AMOA Selects Architect

Who says there's no good news these days? With the announcement last week that its Architect Selection Committee had chosen a finalist in the search for an architect to design a permanent downtown facility, the Austin Museum of Art provided the city with news that was not only good — it was wonderful. The decision moves the institution one more step out from under the cloud that has been hovering over this project for more than a decade, ever since the city went through its last economic bust and the museum's plans for a new home downtown — one elegantly designed by Robert Venturi, no less — went bust with it. The ensuing years saw financial troubles and real estate woes and cross-cultural art wars and institutional staff changes all cast deep shadows over the AMOA's downtown dream, but the museum faithfully persevered and during the last five years especially, they've fought, hard-won step by hard-won step, to bring the project back into the light. They've secured a new piece of land for the facility, won back the favor of the city, opened temporary galleries downtown, hired an impressive new director, begun accumulating the serious cash that will ensure the building's construction, and now they've selected an architect to design the new museum space at Guadalupe and Third streets. That the committee's choice was Richard Gluckman of Gluckman Mayner Architects, New York City (chosen over the similarly impressive Atelier Christian de Portzamparc, Paris, Moshe Safdie and Associates, Boston and Toronto), was further cause for rejoicing. Gluckman is what you might call a marquee name in the architecture biz today, at least where museum design is concerned. He's been the architect on several high-profile projects of late — the permanent collection galleries of the Whitney Museum of American Art in New York, the Andy Warhol Museum in Pittsburgh, the Georgia O'Keeffe Museum in Santa Fe, the Dia Cultural Center for the Arts in New York — and his work has consistently won very high marks, both for the quality of the design and the way Gluckman brings light into his buildings. In contrast to museums of the past that insulated themselves from natural illuminations, Gluckman's museums find ways to let the sunshine in, as it were. Art and its patrons bathe in light. That approach seems terrifically well-suited to a museum in a city that prizes the outdoors as much as Austin does, and it bodes well for AMOA that Gluckman already has ample experience — with the O'Keeffe in Santa Fe and as a finalist to design the Museum of Modern Art in Fort Worth — in negotiating this approach with the frequently punishing sun of the Southwest. So, in more ways than one, Gluckman's selection takes AMOA from the shadows to the light. Look for Gluckman to visit Austin in October, when he will speak to the public about his plans for the new building. Call 495-9224 for more info.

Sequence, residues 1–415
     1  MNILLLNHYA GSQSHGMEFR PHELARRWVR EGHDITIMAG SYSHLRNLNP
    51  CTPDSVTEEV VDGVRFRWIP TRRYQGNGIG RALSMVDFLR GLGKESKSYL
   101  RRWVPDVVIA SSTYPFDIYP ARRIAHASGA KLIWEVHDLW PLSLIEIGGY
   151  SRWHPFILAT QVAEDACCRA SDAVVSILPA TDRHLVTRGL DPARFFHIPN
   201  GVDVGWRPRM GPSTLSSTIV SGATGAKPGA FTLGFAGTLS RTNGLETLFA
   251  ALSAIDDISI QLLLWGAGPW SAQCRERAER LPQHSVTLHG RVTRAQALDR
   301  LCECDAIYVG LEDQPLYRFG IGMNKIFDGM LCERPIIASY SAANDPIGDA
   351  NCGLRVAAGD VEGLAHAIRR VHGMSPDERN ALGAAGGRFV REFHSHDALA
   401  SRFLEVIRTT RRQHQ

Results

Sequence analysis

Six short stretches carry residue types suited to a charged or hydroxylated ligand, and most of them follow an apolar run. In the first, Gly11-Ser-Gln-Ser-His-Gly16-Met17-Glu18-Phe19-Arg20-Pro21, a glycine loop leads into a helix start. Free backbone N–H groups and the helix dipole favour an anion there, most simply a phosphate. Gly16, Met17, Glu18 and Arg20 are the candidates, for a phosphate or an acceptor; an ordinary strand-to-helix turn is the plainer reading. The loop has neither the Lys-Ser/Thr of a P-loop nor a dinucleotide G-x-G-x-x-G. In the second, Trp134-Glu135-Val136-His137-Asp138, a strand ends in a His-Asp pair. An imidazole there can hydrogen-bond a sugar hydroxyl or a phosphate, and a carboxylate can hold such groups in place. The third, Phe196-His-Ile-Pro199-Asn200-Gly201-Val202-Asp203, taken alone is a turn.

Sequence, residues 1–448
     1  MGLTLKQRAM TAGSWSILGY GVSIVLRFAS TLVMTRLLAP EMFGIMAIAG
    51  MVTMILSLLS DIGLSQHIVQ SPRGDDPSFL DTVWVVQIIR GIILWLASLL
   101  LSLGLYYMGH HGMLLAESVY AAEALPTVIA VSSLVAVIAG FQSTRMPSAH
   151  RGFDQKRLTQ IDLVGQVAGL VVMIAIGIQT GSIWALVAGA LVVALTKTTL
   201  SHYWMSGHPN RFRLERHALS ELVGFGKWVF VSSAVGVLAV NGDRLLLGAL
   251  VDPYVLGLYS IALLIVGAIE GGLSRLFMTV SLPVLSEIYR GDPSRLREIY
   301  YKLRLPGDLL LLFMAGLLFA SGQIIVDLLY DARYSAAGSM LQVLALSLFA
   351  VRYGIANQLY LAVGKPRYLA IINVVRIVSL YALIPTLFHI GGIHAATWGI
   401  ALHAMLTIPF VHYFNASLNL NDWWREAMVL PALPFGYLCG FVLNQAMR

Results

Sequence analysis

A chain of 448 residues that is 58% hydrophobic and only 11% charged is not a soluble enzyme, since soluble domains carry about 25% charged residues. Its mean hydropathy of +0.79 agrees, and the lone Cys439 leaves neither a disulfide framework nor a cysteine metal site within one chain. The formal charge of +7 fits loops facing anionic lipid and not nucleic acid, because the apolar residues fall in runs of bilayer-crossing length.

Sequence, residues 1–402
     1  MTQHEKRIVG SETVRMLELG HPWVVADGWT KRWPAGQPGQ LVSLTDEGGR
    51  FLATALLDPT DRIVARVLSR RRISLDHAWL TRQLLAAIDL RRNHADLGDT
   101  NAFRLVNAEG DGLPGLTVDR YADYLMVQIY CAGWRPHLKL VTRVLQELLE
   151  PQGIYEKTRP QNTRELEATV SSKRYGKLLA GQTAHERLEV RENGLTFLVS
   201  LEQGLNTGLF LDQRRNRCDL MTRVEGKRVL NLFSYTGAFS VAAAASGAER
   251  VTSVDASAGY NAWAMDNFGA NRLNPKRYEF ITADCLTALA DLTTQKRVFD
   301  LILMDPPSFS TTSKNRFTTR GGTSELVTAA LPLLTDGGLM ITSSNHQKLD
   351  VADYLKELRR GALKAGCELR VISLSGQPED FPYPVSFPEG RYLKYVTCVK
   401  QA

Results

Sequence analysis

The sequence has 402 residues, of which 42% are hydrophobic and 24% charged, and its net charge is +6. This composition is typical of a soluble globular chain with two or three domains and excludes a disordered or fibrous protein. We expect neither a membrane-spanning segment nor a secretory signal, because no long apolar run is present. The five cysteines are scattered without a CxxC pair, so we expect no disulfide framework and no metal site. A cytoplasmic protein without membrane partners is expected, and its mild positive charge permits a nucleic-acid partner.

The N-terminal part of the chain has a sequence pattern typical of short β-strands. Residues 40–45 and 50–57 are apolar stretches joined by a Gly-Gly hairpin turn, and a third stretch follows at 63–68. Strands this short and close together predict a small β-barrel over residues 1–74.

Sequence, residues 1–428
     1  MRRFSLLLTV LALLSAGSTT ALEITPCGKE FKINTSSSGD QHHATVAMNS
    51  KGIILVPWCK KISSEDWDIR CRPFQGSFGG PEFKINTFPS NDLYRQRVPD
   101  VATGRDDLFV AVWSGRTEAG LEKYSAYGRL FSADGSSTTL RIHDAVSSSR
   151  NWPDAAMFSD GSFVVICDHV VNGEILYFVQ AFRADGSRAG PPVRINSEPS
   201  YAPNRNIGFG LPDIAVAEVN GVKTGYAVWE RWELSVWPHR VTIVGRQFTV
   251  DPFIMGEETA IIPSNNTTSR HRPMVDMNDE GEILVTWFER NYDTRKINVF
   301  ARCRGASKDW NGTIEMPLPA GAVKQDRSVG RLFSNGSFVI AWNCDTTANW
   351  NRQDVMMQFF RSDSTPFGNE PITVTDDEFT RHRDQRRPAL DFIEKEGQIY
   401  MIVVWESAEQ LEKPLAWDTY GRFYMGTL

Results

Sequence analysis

Getting Seen

Whose mug is that smiling from the pages of the new issue of American Theatre? None other than Austin's own Vicky Boone, humble artistic director of Frontera@Hyde Park Theatre and one of our city's finest artists. She's one of the dynamic "Women in Theatre" profiled in the issue (right next to Ruby Dee, don't ya know?) and is given a lovely profile by Austin American-Statesman critic Jamie Smith Canterra.

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More Articulations
The Harry Ransom Center has acquired all the professional and personal materials of profoundly influential acting teacher Stella Adler

Robert Faires, April 30, 2004

It's the end of an era for the city of Austin's Art in Public Places Program as Martha Peters, administrator of the program for 11 of its 18 years, departs to direct a public art program in Fort Worth.

Robert Faires, July 18, 2003


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